Access to public charging infrastructure is a major consideration for many people when switching to electric vehicles (EVs) and is vital where drivers do not have off-street parking, says an Energy Saving Trust report.
The location of charge points has a strong influence on how often and how easily they are used by residents, businesses and visitors and therefore how much revenue – or negative feedback – they generate.
As new street furniture, on-street charge points need to be positioned carefully to avoid negatively impacting pedestrians and to be accepted by communities, especially where there are already parking and pavement pressures.
This guide offers advice for local authorities and others installing public charge points on how to overcome these challenges when positioning charge points, illustrated by case studies. Furthermore, the availability, cost and convenience of parking significantly influences driver behaviour.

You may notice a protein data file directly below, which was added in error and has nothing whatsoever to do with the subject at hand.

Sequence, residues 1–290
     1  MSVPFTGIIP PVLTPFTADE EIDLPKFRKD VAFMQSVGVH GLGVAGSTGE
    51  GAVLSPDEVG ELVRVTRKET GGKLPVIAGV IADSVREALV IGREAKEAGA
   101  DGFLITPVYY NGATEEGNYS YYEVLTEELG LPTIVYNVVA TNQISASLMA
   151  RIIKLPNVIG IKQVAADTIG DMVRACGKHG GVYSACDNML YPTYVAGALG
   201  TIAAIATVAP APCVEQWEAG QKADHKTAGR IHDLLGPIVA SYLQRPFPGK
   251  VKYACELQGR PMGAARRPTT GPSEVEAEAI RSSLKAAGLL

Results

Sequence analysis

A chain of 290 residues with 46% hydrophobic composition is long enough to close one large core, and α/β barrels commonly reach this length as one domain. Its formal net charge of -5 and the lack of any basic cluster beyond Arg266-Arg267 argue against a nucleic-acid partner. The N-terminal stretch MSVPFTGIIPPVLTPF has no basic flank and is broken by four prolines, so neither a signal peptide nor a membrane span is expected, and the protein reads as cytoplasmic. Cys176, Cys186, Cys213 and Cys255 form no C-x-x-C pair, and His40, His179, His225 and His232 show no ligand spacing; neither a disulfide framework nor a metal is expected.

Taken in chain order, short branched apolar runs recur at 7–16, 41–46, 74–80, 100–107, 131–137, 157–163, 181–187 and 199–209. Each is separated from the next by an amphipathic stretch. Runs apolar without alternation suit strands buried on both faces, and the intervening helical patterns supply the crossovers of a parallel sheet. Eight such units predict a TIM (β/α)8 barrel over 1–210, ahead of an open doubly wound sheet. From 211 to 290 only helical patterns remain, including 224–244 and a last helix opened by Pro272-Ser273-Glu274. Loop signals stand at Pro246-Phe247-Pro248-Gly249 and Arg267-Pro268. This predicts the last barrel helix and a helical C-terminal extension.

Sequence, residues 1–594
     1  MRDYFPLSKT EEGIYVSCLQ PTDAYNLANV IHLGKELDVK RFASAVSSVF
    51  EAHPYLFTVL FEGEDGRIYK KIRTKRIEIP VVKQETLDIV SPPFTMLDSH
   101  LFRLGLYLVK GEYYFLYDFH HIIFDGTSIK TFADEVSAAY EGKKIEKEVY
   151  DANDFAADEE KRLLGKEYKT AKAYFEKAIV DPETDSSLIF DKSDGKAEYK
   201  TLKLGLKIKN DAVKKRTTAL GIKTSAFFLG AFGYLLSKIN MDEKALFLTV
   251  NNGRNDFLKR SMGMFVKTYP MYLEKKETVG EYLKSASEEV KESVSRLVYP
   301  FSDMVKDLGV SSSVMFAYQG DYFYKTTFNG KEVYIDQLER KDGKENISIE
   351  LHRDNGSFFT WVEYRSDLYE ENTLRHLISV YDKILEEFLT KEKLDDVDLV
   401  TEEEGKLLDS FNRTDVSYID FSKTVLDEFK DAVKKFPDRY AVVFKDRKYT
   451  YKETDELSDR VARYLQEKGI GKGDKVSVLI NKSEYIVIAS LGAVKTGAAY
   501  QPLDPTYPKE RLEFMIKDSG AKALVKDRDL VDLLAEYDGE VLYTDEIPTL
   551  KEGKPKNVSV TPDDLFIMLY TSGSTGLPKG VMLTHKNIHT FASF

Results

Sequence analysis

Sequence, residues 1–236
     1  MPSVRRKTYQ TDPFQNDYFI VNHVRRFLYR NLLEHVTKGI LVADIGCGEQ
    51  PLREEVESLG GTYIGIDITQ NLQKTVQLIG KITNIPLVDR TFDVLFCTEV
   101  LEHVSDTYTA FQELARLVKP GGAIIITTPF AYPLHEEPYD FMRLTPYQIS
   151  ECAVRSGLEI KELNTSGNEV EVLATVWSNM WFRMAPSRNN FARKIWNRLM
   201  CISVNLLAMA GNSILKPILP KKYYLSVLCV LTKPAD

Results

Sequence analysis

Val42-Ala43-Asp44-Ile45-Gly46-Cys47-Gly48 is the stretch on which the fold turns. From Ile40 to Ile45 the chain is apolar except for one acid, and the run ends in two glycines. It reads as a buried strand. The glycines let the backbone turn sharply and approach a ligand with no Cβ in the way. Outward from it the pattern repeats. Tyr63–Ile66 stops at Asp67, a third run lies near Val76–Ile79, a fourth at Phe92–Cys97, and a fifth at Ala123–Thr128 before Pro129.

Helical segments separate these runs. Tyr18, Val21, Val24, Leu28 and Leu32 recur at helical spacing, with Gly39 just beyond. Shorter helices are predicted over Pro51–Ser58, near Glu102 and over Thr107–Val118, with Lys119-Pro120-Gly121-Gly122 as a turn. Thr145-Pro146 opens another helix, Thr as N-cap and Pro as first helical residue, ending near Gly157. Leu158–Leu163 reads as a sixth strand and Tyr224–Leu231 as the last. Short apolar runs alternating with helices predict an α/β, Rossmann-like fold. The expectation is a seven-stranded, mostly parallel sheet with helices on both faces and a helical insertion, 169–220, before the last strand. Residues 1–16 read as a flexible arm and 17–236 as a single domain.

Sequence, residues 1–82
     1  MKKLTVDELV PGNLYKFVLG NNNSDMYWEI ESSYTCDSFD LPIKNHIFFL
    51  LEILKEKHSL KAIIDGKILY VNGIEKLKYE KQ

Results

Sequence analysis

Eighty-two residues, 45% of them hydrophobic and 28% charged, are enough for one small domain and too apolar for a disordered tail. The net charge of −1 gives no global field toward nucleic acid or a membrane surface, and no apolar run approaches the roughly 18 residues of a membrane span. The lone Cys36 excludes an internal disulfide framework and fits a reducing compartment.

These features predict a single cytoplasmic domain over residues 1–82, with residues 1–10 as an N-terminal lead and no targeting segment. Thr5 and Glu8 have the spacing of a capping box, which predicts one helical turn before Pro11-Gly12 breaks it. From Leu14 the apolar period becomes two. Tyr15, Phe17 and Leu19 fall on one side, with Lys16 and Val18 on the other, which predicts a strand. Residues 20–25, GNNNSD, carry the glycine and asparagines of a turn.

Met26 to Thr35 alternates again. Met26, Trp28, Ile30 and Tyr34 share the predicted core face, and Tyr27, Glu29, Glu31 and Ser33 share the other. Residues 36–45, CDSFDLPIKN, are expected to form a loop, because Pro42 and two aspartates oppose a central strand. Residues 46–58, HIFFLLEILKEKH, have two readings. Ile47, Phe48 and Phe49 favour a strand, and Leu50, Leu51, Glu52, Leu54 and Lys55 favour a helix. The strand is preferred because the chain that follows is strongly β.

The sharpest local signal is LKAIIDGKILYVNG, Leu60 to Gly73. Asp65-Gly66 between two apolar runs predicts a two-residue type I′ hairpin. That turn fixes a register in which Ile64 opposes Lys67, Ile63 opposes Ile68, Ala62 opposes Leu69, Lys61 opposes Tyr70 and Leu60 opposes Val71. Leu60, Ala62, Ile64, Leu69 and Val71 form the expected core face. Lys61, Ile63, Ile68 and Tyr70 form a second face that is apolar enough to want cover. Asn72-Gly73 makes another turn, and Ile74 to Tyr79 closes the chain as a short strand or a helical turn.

Changes, such as introducing free or discounted EV parking, can therefore be proactively used by local authorities to directly encourage or reward a switch to electric vehicles. Such measures can effectively influence choices and are relatively low cost.